Ichi is a wholly adequate film, but it's not great by any stretch of the imagination. The Zatoichi formula really holds this move back. It's just predictable, though not to the extent of being bad; it's just ordinary. At the end I said to myself, "Well, that was a movie."
There are three film festival symbol thingies on the DVD cover, but on closer inspection, Ichi didn't win awards at those festivals - the laurels simple tell us where Ichi premiered. I was totally fooled by this packaging and thought Ichi might have won some awards at indie film festivals. It didn't. A sticker on the front indicates that Haruka Ayase won the 2008 Mika Sports Film Award for Best Actress, although she didn't win it for this film.
If you have a crush on any of these actors, you might get more mileage out of this movie. But isn't that true for any movie? I thought Yosuke Kubozuka was kind of cute, though the top knot with that whole shaved head thing took away from his good looks.
I am utterly mystified by the dub. Does anyone really like live action movies dubbed? I suppose there all those 1970's samurai films that were dubbed and occasionally turn up on TV, including getting re-dubbed for obscure cable shows like Uncle Morty's Dub Shack. Because this is a recent film, and an OK film instead of a campy chanbara film, it seems extra weird dubbed. I mean, I know it's kind of standard to watch dubbed live action stuff in other countries, but it just weirds me out. Cartoons look so much more believable dubbed.
In any case, because this is a Funimation release, all of the voice actors are anime voice actors. Some of them are really recognizable, too. It's one thing to hear the same voice actor play different anime characters, but it's oddly incongruous to hear those actors placed in a live action film.
I regret that this a bit of a meta-discussion of the film, but honestly there's not much to say about Ichi. The only remarkable aspect of the production is the use of CG blood spray. After first two scenes, the amount of blood isn't excessive, it just artfully sprays in arcs that could not have been achieved using analog special effects. The blood looks slightly silly.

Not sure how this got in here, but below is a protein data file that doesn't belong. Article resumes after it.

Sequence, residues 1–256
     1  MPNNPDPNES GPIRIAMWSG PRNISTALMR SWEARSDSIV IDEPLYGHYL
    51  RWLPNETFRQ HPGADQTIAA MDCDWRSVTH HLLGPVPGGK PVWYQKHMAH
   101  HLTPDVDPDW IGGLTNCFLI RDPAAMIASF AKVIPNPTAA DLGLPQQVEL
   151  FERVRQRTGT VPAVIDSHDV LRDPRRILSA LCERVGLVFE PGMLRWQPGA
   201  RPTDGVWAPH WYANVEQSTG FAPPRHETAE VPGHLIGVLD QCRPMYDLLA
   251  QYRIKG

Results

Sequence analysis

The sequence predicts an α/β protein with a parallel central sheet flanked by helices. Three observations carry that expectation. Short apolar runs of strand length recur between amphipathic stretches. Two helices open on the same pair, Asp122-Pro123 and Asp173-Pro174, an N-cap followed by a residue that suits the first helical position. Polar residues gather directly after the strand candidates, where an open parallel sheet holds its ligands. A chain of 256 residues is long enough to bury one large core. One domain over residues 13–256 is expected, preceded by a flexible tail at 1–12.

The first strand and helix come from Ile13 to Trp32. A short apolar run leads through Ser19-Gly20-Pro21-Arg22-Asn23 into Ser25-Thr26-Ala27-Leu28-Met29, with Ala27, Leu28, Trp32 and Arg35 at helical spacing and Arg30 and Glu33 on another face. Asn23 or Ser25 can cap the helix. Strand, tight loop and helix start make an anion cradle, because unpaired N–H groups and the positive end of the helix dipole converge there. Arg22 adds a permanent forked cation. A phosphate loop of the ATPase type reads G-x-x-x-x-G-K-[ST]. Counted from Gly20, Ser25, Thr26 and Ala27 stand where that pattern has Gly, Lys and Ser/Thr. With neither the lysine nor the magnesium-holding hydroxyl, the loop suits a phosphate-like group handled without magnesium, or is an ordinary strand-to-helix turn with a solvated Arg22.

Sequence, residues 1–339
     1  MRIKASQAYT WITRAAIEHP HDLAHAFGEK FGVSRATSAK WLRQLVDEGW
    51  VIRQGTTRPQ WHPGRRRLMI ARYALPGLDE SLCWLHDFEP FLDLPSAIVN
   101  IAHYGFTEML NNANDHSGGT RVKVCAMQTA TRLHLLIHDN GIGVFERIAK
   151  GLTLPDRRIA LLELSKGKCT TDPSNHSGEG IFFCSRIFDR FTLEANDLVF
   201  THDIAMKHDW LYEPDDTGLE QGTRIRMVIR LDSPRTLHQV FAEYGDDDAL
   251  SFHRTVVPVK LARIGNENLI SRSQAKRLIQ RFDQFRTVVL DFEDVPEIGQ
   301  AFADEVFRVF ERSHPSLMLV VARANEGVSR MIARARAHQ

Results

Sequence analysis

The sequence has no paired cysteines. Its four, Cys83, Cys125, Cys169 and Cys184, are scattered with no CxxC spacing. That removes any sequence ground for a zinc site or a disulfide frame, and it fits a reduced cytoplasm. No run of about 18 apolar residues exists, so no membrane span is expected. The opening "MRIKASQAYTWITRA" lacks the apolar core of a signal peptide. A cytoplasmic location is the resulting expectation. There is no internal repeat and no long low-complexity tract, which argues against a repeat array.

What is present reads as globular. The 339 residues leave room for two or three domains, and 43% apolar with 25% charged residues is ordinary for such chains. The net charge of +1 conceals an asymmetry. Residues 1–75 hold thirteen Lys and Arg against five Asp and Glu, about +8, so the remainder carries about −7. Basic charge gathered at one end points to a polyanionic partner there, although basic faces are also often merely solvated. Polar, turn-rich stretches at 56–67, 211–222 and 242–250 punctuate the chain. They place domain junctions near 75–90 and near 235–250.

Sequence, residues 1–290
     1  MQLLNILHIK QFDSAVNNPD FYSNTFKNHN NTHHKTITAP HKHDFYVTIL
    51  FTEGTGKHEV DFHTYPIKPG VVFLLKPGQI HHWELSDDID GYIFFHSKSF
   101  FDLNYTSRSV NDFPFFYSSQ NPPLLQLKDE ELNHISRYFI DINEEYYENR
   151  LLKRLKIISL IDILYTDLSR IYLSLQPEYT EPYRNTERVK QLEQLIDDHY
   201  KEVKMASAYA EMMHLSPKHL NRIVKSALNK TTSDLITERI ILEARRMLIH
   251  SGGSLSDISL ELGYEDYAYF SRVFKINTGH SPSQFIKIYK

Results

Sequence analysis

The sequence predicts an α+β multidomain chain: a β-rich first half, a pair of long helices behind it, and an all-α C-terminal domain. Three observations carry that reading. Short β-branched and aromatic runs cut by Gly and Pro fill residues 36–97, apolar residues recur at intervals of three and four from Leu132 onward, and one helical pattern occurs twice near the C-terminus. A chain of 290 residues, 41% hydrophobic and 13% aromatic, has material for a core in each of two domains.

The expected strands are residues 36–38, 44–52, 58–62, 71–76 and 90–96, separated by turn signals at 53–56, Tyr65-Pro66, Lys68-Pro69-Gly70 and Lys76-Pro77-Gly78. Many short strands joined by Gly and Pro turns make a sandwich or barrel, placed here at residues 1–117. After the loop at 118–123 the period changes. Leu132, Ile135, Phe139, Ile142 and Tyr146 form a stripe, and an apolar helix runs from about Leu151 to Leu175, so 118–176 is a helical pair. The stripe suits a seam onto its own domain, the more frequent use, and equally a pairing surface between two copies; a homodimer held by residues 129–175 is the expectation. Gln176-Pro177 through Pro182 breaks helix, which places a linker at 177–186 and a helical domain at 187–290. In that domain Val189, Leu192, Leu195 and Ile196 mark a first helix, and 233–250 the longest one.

I enjoy the occasional samurai film, but I'm hardly an expert, so I can't really say if the sword fights were well executed. I didn't find any of them particularly memorable, but they weren't bad or boring either.
In this set, Luffy and crew return Princess Vivi to her desert kingdom of Alabasta. All is not well in Alabasta, where a gangster named Crocodile is causing a lot of problems for Vivi's father. Luffy and friends end up crossing the desert to set things straight. Also, Luffy's brother Ace joins our heroes for a time, acting like a badass.
When I play tabletop RPGs, particularly in a long-running campaign, I really hate side quests. I also loath mini-games in videogames. I find any task that doesn't further the main plotline incredibly frustrating. Likewise, this season of One Piece suffers from quite a few side quests. There are a lot of annoying incidental characters like Chip and Dib (brothers from the Badlands) who need to be dealt with. I don't mind party members getting lost in the desert, but those ruins better figure back into the plot later or else I've just wasted 26 minutes of my life!
Worst of all, there is no conclusion of any kind in this box set. The crew hasn't found the Rebel Army by episode 103, which wraps up in a "The Princess is in another castle" ending. At least in the previous set they got a new crew member and set back to sea for a new adventure! In this set, the crew meets a villain named Mr. 2, but they don't even fight him. I know Funimation probably has a set number of episodes they wish to include in each box, but this was just really bad timing. Episode 103 ends with the bad guys gathering for showdown, which is such a terrible place to stop.